Merseyside PCC commissions Stop Hate UK to provide independent support and advice to victimsPosted on
Commissioner delivers 24/7 helpline for all hate crime victims
Merseyside’s Police Commissioner has today pledged to tackle the under-reporting of hate crime by funding an independent support service for the whole region.
Jane Kennedy has announced she will fund Stop Hate UK to deliver a 24/7 helpline offering third party support and advice to anyone on Merseyside targeted by incidents of abuse, intimidation or hate because of their race, religion, disability, sexual orientation or transgender.
As well as offering a round-the-clock service by phone or social media, national third party reporting agency Stop Hate UK will also deliver a campaign aimed at raising awareness of hate crime in the region and the steps that can be taken to combat it.
The Commissioner made the announcement at the third annual Navajo Merseyside & Cheshire LGBTI Chartermark Award Ceremony, which recognises companies that support and encourage good practice and are committed and knowledgeable about the specific needs, issues and barriers facing lesbian, gay, bisexual, transgender and inter-sex (LGBTI) people in Merseyside.
The decision to fund the service also comes as the Commissioner joined officers today in raising the rainbow flag at Merseyside Police headquarters ahead of International Day against Homophobia and Transphobia (IDAHO) which is celebrated on May 17th every year.
The Commissioner took the decision to fund the service after becoming concerned that the service available to people across the region had become inconsistent.
Jane Kennedy said: “Tackling all forms of hate crime is one of my policing priorities. Merseyside Police are committed to eradicating crimes motivated by prejudice, intolerance and hatred. Nobody should be targeted by abuse or criminal behaviour because of their sexual orientation, transgender, disability, race or religion.
“We know that all forms of hate crime are significantly under-reported. We also know that if incidents are not tackled at an early stage they can escalate into very serious crimes. However, it is important to recognise that some individuals and communities may be reluctant to talk directly to the police or their local council.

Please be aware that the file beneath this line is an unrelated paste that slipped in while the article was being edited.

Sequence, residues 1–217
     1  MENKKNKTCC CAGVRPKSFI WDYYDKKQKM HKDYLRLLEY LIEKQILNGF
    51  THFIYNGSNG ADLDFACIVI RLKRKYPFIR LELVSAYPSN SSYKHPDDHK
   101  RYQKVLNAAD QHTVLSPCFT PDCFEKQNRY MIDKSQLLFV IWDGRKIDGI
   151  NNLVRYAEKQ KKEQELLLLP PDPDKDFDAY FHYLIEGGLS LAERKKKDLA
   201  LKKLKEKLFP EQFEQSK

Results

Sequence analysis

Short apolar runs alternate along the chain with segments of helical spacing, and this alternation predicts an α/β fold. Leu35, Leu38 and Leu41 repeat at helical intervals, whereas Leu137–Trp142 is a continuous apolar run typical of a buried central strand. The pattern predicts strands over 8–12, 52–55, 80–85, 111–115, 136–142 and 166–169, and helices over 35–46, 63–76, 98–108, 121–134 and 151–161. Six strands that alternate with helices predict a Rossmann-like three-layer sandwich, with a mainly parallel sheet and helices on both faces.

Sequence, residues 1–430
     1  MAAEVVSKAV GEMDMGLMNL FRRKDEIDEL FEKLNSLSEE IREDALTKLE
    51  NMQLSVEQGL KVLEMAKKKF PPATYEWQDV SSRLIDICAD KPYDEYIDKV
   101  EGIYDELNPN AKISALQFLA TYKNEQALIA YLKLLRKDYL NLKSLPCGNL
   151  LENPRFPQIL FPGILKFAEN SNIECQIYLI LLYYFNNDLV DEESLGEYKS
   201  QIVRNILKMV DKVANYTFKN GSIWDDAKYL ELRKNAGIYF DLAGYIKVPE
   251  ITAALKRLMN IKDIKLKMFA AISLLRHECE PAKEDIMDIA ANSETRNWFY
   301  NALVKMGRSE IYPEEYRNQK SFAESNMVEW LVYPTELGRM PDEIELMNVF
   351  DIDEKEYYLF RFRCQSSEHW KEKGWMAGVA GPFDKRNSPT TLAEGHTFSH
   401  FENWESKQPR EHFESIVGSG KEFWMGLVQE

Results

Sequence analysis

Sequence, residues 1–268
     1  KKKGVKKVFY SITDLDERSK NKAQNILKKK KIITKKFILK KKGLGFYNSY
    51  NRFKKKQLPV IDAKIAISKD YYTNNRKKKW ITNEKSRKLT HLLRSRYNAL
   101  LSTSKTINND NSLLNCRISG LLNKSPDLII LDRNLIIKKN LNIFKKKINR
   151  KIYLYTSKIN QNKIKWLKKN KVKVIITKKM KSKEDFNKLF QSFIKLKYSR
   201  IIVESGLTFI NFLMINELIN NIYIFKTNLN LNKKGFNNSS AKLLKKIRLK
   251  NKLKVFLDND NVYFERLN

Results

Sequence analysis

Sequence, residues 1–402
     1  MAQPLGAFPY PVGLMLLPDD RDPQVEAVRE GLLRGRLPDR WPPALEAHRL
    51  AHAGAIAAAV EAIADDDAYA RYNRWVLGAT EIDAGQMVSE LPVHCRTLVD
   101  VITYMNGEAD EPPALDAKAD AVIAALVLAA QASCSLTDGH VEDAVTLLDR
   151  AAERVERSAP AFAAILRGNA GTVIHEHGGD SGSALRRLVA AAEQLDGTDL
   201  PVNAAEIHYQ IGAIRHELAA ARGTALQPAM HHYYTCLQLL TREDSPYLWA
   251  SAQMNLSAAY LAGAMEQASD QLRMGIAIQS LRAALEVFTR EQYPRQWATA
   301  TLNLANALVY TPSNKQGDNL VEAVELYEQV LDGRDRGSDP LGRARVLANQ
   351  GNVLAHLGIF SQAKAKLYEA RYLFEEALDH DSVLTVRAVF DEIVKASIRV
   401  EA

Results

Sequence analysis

“That is why it is so important to have a consistent third party reporting facility across the whole region. Currently that does not exist and that is why I have taken the decision to fund Stop Hate UK for Merseyside. This service will ensure every single person, of any race, religion, sexual orientation, gender identity or with any disability, living anywhere in the region can access an independent, confidential agency to report an incident of hate crime to a trusted and responsible third party organisation.
“I realise this means the number of reported hate crimes will increase, but that is what we must accept and encourage in order to protect our residents and prevent them from being targeted because of ignorance, prejudice or intolerance.
“My hope is that the reporting of hate crime does increase because, ultimately, that means that people are speaking out. It means people are saying abusing someone simply because of their race, religion, sexual orientation, gender identity or disability is never acceptable here on Merseyside.”
Stop Hate UK will provide the infrastructure and IT to deliver the most up-to-date reporting mechanisms and the training, skills and experience to deal effectively with all reported incidents of hate crime. This includes an easily accessible service with free phone telephone numbers, multilingual options, text relay for hard of hearing, text reporting which goes direct to call handler, web chat and on line forms.
Stop Hate UK will also focus on raising awareness of hate crime within Merseyside, educating victims, witnesses and the general public about what hate crime is and the steps that can be tackle it.
Stop Hate UK Chief Executive Rose Simkins said: “Stop Hate UK are delighted that Merseyside Police and Crime Commissioner Jane Kennedy has decided to fund the Stop Hate Line service across Merseyside.
“This is a very important step to bring consistency across the whole of Merseyside and to ensure that anyone can access independent support on Hate Crime 24 hours a day by phone or using social media to report incidents. Hate Crime is known to have a long term and devastating impact on those who are targeted. However, we know that most people do not report the incidents they experience or witness. There are many barriers to reporting including: fear of reprisals, fear of the police, fear of not being believed, or not knowing who to speak to. We will now be able to offer this much needed service across the whole of Merseyside.”
The Stop Hate Line gives victims and witnesses a safe and independent place to talk about their experiences and to explore their options for taking things further.
The Stop Hate Line 0800 138 1625 is open 24 hours a day, every day of the year. The helpline can support people who report incidents they believe to be motivated by aspects of identity such as Disability, Gender Identity, Race, Religion and Sexual Orientation. People who believe that they have been targeted because of other aspects of identity can also access the helpline.
People can also contact the Stop Hate Line anonymously. Where a victim has chosen to give their personal details to Stop Hate UK, their trained staff and volunteers will ask the victim who they want their details to be shared with. The charity can also share information with the police and council, with consent, to ensure that Hate Crime victims and witnesses can access the support they need.